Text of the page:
By the Waters of Babylon


Stephen Vincent Benét

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By the Waters of Babylon Summary

“By the Waters of Babylon” is set in a post-apocalyptic, post-technological world where people hunt for their food with bows and arrows and their priests scavenge the “Dead Places” for metal. John, the protagonist and first-person narrator, belongs to the tribe of the Hill People and is the son of a priest. The Hill People consider themselves culturally superior to the rival tribe of the Forest People, and live by dogmatic laws that, among other things, forbid them from traveling east, crossing the Ou-dis-son river, visiting the Place of the Gods (which was destroyed in “The Great Burning”), and saying the true name of the Place of the Gods.

John’s father and the other priests teach John reading, writing, healing, and “magic,” and John is fascinated by the stories about the gods. The story follows John on his initiation quest, a journey he undertakes in order to be recognized by his tribe as a man and a priest. John chooses the path of his journey based on visions and his reading of signs in the natural world. John’s desire for new knowledge leads him to break many of the laws of his tribe. He travels to the Place of the Gods, even though he is afraid that he will die there. Instead, he discovers that many of the stories about the Place of the Gods are inaccurate. The island is not filled with magical mists, the ground is not burning with eternal flames, nor is it populated by spirits and demons. Instead, John finds a vast Dead Place, a city of ruined towers. As he explores the city and learns more and more, John’s sense of fear diminishes.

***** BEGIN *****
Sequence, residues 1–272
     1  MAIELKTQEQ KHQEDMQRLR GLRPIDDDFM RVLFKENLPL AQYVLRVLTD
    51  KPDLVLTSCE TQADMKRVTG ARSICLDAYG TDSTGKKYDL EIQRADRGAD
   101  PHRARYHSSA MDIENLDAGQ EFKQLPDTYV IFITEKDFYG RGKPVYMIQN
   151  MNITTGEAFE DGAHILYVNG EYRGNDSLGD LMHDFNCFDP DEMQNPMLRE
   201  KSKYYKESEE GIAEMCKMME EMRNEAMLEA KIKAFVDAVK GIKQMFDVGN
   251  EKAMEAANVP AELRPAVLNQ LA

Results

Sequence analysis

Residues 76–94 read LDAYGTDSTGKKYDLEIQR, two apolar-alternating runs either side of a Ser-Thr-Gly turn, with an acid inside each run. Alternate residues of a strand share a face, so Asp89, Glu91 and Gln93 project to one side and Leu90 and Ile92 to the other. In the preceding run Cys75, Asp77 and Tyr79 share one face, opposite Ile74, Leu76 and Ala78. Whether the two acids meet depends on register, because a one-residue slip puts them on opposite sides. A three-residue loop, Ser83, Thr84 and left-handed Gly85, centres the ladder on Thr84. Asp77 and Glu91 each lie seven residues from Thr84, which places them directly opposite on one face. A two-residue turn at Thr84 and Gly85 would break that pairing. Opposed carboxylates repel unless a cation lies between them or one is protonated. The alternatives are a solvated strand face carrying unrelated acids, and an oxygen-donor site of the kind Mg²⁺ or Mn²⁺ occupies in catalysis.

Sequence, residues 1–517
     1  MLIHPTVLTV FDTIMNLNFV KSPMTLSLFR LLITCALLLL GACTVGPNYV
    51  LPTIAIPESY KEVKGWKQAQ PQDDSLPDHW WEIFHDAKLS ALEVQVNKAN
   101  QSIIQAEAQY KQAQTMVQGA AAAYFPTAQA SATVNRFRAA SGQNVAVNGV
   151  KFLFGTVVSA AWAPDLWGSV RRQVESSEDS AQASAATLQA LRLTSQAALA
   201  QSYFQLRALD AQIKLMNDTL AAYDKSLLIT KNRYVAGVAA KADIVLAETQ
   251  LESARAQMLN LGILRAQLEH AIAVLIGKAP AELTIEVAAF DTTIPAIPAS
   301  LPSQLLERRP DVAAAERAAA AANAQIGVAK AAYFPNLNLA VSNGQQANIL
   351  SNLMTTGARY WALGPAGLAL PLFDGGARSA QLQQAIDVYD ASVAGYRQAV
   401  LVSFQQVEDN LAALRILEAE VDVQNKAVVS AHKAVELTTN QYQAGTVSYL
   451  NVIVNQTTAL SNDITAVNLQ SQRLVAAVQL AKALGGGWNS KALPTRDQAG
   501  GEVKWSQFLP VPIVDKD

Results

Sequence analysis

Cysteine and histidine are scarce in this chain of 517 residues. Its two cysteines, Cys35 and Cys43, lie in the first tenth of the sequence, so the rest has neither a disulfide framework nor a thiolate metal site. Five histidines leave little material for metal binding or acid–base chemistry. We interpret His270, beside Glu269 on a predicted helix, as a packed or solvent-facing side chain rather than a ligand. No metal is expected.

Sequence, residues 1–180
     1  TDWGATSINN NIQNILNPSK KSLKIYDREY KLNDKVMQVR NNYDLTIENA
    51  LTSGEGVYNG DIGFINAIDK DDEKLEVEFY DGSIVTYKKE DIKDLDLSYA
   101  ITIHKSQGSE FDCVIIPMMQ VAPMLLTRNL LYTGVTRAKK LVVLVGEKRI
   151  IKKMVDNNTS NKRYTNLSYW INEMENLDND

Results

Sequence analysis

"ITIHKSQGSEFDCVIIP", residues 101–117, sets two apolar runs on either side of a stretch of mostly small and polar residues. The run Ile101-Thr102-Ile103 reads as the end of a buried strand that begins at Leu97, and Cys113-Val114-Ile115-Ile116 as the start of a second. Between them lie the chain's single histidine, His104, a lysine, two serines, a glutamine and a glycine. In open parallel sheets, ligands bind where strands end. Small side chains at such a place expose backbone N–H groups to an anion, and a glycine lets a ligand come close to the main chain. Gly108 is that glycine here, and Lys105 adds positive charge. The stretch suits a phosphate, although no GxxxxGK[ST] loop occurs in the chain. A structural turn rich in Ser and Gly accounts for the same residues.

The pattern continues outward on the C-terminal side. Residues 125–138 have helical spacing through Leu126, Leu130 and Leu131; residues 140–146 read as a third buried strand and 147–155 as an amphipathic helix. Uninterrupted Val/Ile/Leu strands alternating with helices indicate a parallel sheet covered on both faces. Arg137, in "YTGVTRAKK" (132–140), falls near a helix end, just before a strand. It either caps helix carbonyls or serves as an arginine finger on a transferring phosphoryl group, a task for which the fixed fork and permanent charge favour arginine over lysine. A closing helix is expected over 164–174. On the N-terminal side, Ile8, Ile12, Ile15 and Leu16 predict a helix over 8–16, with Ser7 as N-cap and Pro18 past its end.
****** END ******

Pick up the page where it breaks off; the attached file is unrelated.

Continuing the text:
John explores an abandoned apartment full of items that he believes are “magic” but which are recognizable to the reader as defunct modern appliances—a sink, a stove, and electric lights. John spends the night there and has a vision of the city as it was in the time of the gods. The city was once full of gods, lights, and “magic,” and John understands that the gods possessed incredible knowledge and power that they did not always use well. John sees that the city was destroyed by poisoned mist and “fire falling out of the sky” in a terrible war between gods, and understands that this war created the other Dead Places. The next morning John searches the apartment, hoping to find an explanation for the destruction of the city, and he finds the body of the dead god—who he soon realizes is not a god, but a man. John realizes that the gods were in fact humans from an earlier society, and he returns home, fearless and determined to share his new knowledge with his tribe.

Upon John’s return, his father recognizes him as a priest and a man. John tells his father that the gods were not gods, and asks him to kill him as punishment for breaking the laws of the tribe. John’s father refuses, explaining that the laws change from generation to generation, but advises John not to share his discovery with the people of the tribe, cautioning that it can be dangerous for a society to acquire knowledge too quickly, and theorizing that the society of the “gods” was destroyed because they did so. John agrees, but he and the other priests begin visiting the Dead Places to gather books (and thereby knowledge) as well as metal. In the story’s closing lines, John vows that when he becomes the head priest of the tribe, he will lead his people to the Place of the Gods—which he now refers to as “newyork”—and begin to rebuild the city.